Looking at your artwork, it seems obvious that you copied theirs. Probably not with a photcopier, or a binary file copy, but with a paint program of some sort I'd guess. It's still copying. Whatever you believe about the rightness/wrongness of copyright itself, I think you'd be hard pressed to find even a tiny fraction of the population that wouldn't say this fits the definition of copying.

  • I guess it was a bad choice of name. I would happy to rename the app, but because my access to the app is now disabled, I can't do this.
    Of course I could get access by filing a counter notice, but was too scared to do this :-P

    To answer of the "rip off" accusations: My understanding of copyright is that it's perfectly acceptable to create something that is inspired by something else as long as the original source material is not used. I would add that there are plenty other pacman clones out there wi
  • by EightBits (61345) on Sunday December 05, 2010 @01:54PM (#34452410)

    I am not a lawyer and as such, do not have the training and experience required to be able to help you. However, I am an American citizen and that makes me responsible for making sure I myself do not break U.S. laws. In our legal system, ignorance of the law is no excuse. While being ignorant of the law can, in some cases, change the punishment you receive, it will not excuse you from breaking the law entirely.

    This is why it is so important for us to read at least the aspects of the law that are relevant to what we do. Given the nature of the Internet and computers in general, copyright law is very important to all of us. Despite this, somehow almost no one reads it yet everyone tries to wax intelligent about it.

    Many laws are very very cryptic. Luckily, copyright law is not one of them. Go here to obtain a copy of the current U.S. Copyright Law:

    http://www.copyright.gov/title17/ [copyright.gov]

    Be sure to check back regularly for updates. When reading this document, it is important that you read and understand Chapter 1, Section 101, "Definitions" before reading anything else. If you do not read this and understand it, you *WILL* misunderstand the rest of the document. Once you understand this section, the rest of the document becomes far easier to understand.

    Doing this will not prepare you to battle IP lawyers in court, but it will give you a better understanding of copyright in the U.S. and help you avoid copyright issues in the first place. As always, even if you read this law, go hire a real lawyer if you know you are on shaky ground. Attempting to clone someone else' product should immediately make you realize you are on shaky ground, even if you have not read Title 17 of the U.S. Code.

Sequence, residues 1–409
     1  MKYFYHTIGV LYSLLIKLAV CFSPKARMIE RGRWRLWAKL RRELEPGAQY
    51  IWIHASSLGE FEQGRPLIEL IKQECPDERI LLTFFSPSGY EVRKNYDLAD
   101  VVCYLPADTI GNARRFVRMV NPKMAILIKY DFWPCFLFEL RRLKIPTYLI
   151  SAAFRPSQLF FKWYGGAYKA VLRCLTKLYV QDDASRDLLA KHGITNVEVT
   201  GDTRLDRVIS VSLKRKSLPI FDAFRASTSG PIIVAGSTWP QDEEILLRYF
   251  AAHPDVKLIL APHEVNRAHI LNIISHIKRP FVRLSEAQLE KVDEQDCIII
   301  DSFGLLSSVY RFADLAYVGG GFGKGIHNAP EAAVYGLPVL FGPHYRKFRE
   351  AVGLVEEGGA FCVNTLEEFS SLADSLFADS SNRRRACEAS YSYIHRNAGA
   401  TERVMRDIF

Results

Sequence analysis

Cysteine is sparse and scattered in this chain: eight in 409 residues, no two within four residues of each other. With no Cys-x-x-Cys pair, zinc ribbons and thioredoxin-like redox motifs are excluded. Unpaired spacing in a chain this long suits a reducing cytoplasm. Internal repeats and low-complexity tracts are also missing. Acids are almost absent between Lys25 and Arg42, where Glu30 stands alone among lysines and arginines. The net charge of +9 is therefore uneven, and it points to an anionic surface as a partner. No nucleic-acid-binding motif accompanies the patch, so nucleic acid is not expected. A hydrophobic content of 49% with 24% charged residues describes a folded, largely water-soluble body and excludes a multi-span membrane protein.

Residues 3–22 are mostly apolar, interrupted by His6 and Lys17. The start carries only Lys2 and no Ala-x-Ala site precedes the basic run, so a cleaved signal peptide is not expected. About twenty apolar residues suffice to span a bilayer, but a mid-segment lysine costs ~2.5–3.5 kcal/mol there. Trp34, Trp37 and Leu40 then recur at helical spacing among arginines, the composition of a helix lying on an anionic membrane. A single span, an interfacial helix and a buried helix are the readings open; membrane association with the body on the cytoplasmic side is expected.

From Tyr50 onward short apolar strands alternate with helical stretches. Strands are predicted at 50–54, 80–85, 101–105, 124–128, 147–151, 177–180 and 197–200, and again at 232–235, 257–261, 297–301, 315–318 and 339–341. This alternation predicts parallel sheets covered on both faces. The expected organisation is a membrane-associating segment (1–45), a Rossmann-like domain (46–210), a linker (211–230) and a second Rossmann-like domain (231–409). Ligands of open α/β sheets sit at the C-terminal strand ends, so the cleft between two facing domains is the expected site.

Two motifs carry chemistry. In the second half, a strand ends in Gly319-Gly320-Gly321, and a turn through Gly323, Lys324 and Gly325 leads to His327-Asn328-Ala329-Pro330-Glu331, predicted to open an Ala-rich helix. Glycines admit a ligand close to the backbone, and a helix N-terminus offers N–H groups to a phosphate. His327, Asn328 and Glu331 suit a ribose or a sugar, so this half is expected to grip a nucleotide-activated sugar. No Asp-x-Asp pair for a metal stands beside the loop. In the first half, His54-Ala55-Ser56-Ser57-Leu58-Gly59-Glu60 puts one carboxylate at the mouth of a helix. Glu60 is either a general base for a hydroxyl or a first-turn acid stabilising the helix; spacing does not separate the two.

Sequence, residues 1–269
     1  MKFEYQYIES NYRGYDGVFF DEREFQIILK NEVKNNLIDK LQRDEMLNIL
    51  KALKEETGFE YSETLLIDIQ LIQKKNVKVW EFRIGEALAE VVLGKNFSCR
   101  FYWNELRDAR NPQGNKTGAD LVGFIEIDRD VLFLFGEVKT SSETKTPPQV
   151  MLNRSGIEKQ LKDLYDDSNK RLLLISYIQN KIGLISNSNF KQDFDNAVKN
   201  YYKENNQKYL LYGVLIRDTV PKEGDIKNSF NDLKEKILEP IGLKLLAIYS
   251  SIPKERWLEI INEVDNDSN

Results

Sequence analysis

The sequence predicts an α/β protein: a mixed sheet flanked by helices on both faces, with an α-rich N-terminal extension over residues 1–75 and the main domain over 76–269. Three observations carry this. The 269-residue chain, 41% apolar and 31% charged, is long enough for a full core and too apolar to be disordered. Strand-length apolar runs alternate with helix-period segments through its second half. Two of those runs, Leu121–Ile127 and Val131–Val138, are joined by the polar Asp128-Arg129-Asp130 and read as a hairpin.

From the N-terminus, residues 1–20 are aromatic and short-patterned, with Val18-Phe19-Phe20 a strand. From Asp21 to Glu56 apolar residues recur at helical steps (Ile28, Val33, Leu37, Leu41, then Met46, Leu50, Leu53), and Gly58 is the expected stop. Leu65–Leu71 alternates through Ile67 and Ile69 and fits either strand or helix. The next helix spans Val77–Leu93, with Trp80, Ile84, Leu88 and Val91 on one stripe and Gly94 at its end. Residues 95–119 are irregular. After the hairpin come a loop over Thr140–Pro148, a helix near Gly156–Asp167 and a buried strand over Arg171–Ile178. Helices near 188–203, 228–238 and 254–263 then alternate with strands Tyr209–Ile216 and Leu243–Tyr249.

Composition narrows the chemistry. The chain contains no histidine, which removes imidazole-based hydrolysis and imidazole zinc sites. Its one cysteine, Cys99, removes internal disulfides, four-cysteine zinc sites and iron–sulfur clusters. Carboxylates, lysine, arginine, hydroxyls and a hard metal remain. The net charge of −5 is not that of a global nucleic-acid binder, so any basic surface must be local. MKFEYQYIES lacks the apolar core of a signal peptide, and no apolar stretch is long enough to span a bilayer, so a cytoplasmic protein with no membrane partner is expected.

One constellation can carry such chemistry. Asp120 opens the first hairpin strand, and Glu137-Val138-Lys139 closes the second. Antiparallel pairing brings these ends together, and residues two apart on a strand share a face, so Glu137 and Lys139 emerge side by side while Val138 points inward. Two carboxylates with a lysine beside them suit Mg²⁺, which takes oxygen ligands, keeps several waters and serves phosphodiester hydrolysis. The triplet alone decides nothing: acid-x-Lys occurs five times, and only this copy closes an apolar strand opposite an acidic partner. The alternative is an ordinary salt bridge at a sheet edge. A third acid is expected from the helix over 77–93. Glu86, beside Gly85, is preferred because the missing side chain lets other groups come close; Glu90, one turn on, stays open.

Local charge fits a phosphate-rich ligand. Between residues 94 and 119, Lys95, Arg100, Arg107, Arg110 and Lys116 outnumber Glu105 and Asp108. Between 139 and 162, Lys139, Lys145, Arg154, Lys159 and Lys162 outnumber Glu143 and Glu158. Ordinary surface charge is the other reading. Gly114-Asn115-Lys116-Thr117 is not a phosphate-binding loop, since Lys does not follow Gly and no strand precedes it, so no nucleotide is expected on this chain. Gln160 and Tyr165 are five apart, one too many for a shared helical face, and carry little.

Hint: You don't have to read the entire document. There are sections that do not directly pertain to most modern computing situations. However, it should become very clear very quickly which sections are important to you.

    Doing this now will help you to see the infringements you have made in your game. Just one look at the screenshot of your game reveals too many copyright violations to ignore, let alone the text on your web page.

  • by WPIDalamar (122110) on Sunday December 05, 2010 @02:45PM (#34452878) Homepage

    Put this image in front of an average citizen.
    http://spwebgames.com/pacman/screenshot2.png [spwebgames.com]

    Ask him what it is.

    He'll say "Pac Man"

    That's the guy that's in the jury of the trial figuring out if it's copyright infringement or not.

  • by gilgongo (57446) on Sunday December 05, 2010 @03:56PM (#34453436) Homepage Journal

    Holy mother of screaming baby jeezus. I've been on /. for years and never have I seen such a frustrating thread as this.

    Nintendo (or Namco or whoever they are) created Pac Man about 30 bloody years ago. Isn't that ENOUGH TIME for them to have made some money out of it?? Let it go to the public domain where people like this guy can re-interpret it (however incrementally) and maybe make it BETTER! If it's a boring clone, then it deserves to be - and will be - forgotten. If it's not, then cool!

    To all those bleating "it's copyright infringement!" here: Would you have it that if I install the plumbing in your house, I should have the right to ask you for a payment every time you have a bath - for the rest of my life plus 70 years? And what do you think went on before about 1750? Was there no culture or innovation in the arts? There was no copyright then after all.